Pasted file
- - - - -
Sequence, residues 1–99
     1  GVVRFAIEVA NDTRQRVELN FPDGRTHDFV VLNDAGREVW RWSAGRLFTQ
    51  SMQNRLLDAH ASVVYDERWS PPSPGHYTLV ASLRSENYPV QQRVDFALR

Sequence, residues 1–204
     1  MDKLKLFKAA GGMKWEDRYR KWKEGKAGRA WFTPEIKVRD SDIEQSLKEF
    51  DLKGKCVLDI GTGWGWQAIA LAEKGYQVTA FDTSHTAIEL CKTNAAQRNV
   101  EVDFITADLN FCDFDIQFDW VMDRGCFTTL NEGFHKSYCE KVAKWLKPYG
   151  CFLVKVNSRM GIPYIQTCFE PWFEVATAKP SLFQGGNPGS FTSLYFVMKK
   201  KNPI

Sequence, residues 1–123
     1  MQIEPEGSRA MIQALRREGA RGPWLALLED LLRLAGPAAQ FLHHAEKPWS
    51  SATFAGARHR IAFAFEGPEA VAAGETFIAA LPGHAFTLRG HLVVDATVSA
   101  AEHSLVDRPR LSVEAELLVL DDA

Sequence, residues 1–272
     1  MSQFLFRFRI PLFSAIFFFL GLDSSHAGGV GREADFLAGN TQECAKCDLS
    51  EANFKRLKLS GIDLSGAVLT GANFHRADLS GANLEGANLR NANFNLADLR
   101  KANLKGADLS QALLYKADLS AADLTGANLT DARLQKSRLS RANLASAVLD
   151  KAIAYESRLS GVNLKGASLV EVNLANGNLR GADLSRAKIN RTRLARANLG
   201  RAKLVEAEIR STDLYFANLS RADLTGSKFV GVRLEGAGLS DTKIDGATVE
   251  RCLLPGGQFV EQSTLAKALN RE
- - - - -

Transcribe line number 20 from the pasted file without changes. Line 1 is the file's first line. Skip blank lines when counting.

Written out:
   251  RCLLPGGQFV EQSTLAKALN RE